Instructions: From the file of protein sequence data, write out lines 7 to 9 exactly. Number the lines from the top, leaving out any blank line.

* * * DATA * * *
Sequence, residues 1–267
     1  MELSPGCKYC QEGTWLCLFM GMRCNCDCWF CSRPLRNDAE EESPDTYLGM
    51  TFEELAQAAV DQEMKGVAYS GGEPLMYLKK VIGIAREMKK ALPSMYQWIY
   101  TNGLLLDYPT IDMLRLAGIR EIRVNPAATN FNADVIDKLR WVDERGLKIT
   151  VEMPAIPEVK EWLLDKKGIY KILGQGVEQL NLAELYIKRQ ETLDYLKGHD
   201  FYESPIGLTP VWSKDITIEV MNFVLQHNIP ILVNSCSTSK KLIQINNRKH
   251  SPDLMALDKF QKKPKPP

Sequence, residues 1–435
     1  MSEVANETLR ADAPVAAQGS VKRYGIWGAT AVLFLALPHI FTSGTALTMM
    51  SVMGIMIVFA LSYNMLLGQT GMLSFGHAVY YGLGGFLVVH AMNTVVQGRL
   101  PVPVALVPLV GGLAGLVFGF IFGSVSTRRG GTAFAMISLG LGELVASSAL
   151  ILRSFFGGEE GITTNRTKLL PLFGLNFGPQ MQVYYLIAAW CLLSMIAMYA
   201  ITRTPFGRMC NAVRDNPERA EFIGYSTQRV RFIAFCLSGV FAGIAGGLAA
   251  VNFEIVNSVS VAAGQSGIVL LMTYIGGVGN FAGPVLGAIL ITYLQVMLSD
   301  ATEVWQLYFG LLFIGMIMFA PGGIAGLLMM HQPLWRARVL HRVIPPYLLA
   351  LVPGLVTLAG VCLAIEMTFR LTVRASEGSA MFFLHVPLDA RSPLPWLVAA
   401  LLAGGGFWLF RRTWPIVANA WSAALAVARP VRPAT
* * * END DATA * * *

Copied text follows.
   251  SPDLMALDKF QKKPKPP

Sequence, residues 1–435
     1  MSEVANETLR ADAPVAAQGS VKRYGIWGAT AVLFLALPHI FTSGTALTMM